Does your dog/cat need a kidney test?


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Chronic kidney disease or chronic renal failure is one of the most severe diseases that affects our furry four-legged friends, and the main problem is that symptoms are often hard to detect. Renal failure is responsible for the deaths of numerous cats and dogs across the globe, and it can often be hard for pet owners to determine if their pet needs to undergo a kidney test. Renal failure is particularly common in senior pets so you need to extra vigilant if you have a senior cat or dog.

Your pet is drinking and urinating excessively

Excess water consumptions and urination is a surefire sign that is something is wrong with your pet's kidneys. Don't ignore it if you find yourself filling the water bowl on a more regular basis as this period will eventually lead to a phase of weight loss and food pickiness if kidney disease is the issue. If you notice your pet drinking more water and urinating more for at least a week, you should definitlely take it to the vet for a kidney examination.

High blood pressure is a reality

Hyperthyroidism typically precedes the onset of kidney disease in pets, and the diseases are often known to occur concurrently. High blood pressure normally precedes the onset of both of these diseases, and if your kitty or dog is suffering from high blood pressure, you should definitely get a kidney test done. The issue is that most pet owners are unable to detect high blood pressure and the best way to keep an eye out for this is to visit the vet regularly.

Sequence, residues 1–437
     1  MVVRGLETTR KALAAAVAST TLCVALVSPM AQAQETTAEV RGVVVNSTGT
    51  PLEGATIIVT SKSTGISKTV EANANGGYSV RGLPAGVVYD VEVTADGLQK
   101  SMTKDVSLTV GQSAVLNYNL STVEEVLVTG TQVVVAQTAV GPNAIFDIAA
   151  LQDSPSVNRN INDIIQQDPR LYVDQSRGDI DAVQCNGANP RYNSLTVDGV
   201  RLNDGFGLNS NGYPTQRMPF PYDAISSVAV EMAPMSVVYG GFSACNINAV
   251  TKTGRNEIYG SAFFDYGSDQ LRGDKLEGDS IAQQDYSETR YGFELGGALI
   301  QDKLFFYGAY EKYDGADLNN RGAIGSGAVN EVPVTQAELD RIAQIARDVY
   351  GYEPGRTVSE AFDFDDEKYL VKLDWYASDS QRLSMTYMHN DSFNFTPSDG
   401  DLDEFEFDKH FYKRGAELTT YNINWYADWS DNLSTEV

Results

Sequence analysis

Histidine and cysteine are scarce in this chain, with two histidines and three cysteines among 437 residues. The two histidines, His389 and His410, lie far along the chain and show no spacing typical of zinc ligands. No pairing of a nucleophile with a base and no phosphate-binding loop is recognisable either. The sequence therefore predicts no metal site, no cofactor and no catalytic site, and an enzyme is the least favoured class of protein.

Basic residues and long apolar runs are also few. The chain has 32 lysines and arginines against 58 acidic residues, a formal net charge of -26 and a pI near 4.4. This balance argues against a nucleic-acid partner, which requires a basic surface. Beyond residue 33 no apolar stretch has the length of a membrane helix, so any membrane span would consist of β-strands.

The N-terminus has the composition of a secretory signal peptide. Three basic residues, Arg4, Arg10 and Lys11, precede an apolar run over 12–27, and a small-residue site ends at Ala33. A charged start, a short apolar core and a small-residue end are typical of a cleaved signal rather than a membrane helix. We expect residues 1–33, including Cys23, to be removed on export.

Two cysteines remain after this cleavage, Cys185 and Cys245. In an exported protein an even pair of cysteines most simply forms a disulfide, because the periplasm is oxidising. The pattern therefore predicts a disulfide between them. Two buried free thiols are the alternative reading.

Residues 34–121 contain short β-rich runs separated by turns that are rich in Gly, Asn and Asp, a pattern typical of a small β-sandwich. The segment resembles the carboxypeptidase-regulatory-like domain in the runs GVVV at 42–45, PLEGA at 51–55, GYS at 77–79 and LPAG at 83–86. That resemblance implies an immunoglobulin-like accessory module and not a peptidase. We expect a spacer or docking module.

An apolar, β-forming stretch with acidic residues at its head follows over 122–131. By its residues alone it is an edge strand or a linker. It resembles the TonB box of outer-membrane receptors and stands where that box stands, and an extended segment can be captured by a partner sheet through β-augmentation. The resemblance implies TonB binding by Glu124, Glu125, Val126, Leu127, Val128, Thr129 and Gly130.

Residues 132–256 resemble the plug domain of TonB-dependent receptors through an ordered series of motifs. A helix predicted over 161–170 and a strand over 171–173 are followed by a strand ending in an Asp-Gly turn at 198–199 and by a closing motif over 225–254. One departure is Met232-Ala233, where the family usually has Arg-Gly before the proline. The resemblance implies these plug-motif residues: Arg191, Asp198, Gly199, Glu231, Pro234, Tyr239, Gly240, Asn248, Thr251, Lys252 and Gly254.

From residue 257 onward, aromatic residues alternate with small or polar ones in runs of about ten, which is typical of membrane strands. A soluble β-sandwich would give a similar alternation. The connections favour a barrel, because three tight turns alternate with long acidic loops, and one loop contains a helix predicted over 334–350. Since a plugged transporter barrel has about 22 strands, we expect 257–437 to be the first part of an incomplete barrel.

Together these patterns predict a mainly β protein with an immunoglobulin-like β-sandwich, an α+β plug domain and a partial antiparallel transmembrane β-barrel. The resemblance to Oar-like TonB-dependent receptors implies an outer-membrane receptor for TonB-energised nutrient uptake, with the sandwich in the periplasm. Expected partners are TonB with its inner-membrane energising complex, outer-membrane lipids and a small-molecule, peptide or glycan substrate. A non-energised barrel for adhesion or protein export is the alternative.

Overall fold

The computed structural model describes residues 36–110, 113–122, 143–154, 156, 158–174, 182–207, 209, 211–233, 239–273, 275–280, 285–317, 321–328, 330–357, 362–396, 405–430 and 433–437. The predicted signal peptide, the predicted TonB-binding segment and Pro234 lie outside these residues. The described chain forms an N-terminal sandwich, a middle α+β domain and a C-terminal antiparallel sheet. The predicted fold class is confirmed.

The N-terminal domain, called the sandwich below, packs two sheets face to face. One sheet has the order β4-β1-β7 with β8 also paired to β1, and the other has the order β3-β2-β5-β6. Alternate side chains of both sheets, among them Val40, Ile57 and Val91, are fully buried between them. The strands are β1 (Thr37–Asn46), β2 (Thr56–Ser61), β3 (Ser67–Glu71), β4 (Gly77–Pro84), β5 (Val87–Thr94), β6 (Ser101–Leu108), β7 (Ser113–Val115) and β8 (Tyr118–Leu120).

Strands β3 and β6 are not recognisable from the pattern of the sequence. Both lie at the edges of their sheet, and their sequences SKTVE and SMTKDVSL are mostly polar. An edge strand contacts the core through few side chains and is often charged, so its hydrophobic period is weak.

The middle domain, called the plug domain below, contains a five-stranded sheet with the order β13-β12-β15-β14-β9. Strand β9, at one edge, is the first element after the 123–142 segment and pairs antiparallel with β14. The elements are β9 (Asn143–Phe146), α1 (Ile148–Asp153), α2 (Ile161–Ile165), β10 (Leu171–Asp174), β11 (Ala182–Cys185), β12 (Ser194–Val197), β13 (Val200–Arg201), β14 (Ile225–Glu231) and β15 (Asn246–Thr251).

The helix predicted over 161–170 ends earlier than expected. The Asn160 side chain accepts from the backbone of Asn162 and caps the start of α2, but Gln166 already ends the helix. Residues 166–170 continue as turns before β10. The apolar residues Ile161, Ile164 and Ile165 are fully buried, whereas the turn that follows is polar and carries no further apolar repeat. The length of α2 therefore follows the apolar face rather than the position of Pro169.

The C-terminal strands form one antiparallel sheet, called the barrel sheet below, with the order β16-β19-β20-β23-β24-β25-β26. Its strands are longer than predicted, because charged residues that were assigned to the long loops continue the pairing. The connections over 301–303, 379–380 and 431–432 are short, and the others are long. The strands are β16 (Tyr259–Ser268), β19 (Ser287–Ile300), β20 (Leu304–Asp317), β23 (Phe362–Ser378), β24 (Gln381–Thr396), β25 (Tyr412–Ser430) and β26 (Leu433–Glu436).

Your pet is eating less

Reduced food consumption and accompanying weight loss is a sign that something is wrong even if that something is not kidney failure. When your pet starts eating lesser, the pet's coat will also reduce in shine and its luster will reduce. During this phase, the pet is also likely to play less, sleep more, and become far more lethargic. You should definitely rush your pet to the vet in case any of these symptoms are displayed for more than a week or two.

The pet has trouble urinating

If your pet is pooping a lot more, cries out while urinating, or struggles to urinate at all, it is a definite sign that something is up with the pet. More often than not, it is more likely to be a sign of urinary tract disease but it could also be a possible symptom on renal failure. If your cat or dog cries out while pooping, you should rush your pet to the vet immediately as it could be a symptom of a much larger problem.

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